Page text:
The Newsroom of the Future

BuzzFeed's office in Manhattan

Newsrooms are still trying to figure out how to make the kind of money online that they once made during the heyday of print.  Just yesterday, the Washington Post announced that this summer it will establish up a paywall and charge frequent users to access the site.  Other news websites have already found another way: "content advertising."

"We define content advertising as when brands create stories, messages, ideas that explain what they care about or what the products are able to achieve," says Jon Steinberg, chief operating officers for BuzzFeed, the website known for its addictive lists and posts on animals and pop culture.

Forbes, the Atlantic and BuzzFeed are some of the news organizations that have had some success making informative or funny advertising that they hope is just as compelling as any article.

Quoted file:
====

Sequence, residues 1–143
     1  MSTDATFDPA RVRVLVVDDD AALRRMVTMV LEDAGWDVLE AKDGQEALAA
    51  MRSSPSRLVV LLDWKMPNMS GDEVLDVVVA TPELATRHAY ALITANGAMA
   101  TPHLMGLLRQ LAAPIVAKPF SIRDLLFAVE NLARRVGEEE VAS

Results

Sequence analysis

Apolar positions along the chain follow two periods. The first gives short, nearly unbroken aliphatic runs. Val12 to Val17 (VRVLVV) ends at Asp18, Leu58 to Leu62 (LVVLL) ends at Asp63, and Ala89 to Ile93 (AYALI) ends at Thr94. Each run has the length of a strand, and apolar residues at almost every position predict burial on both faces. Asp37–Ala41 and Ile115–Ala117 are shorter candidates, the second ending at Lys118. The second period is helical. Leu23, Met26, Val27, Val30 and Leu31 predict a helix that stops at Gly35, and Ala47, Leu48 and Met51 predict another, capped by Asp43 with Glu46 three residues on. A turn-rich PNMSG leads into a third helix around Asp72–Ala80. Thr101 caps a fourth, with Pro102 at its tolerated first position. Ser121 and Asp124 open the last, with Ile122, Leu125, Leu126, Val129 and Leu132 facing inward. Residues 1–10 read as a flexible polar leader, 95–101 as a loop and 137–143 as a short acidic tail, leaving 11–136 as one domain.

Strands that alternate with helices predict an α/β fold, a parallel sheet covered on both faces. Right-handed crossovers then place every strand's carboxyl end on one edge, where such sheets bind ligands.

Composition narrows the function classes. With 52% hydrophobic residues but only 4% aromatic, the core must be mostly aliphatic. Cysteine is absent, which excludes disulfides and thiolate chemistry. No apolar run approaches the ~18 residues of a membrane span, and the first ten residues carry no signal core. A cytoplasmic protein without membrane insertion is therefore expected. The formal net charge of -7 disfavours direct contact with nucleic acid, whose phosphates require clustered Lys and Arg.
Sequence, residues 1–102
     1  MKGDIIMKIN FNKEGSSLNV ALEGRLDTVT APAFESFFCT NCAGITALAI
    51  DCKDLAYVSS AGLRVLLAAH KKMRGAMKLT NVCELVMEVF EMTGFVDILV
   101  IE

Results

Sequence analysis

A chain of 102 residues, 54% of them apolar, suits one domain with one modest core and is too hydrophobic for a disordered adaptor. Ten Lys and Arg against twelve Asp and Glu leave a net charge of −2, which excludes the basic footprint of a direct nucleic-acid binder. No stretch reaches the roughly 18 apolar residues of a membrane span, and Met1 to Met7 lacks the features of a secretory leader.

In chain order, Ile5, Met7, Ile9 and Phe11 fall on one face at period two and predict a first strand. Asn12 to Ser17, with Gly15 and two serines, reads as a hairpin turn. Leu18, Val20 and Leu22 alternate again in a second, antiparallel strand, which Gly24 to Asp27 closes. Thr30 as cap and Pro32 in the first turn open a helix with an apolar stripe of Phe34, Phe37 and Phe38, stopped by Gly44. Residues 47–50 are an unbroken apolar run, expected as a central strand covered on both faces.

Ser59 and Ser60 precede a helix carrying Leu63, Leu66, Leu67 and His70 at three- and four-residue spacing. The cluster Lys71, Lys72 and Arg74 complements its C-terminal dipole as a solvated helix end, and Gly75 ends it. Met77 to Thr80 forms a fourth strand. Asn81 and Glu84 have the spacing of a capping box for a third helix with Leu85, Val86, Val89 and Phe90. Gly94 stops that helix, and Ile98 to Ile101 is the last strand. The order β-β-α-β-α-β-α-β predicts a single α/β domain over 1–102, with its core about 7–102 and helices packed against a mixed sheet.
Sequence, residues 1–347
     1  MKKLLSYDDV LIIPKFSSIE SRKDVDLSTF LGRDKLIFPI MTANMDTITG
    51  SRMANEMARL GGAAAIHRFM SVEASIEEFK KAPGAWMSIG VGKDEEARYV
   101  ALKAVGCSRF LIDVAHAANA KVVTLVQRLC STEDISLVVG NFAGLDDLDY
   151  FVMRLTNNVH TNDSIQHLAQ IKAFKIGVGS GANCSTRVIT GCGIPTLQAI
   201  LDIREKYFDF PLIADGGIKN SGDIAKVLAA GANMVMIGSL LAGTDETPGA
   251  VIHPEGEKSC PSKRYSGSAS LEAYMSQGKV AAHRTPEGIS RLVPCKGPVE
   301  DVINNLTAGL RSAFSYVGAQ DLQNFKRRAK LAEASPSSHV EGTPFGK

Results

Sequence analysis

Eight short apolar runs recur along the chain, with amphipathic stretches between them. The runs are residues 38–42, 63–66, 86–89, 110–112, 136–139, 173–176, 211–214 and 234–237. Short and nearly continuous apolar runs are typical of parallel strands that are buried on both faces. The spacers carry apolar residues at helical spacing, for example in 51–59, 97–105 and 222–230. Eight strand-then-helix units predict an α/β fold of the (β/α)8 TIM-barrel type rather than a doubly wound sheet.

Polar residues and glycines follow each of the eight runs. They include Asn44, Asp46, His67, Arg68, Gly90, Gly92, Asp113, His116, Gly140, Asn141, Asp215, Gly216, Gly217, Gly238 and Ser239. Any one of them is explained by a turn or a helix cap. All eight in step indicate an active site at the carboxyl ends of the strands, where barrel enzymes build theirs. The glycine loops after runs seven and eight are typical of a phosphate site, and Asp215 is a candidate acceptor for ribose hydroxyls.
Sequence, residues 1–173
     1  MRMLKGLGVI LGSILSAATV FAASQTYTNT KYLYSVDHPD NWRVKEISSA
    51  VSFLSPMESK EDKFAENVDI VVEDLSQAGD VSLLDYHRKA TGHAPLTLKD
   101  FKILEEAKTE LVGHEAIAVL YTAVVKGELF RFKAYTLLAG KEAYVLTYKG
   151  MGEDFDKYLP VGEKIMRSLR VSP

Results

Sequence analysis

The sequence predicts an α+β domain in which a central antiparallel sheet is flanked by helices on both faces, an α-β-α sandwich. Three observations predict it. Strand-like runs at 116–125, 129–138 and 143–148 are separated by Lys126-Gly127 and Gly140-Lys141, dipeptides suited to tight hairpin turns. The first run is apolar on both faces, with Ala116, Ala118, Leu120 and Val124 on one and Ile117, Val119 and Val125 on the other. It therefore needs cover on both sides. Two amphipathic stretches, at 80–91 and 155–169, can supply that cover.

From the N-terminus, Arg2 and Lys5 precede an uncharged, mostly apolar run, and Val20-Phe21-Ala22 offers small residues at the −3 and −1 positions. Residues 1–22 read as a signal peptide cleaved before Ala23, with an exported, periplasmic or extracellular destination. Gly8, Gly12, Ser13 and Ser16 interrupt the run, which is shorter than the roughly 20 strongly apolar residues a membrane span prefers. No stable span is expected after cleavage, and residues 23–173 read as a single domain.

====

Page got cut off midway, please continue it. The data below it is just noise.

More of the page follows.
"It’s not saying 'just buy this stuff because I tell you to buy it,'" Steinberg says. "It's more informational and interesting in nature." 

Under the content advertising model, one group of journalists could be writing articles at their desks, while across the newsroom, another group of writers is working on behalf of advertisers.

This week on New Tech City, host Manoush Zomorodi talks with Steinberg to discuss the Buzzfeed business model and a possible future for how newsrooms can make money.

Plus, media mogul Arianna Huffington has a new motto: "Less stress, more living."

The chair, president and editor-in-chief of the Huffington Post has a reputation as a hard-charging executive, but she says it's important to slow down and unplug.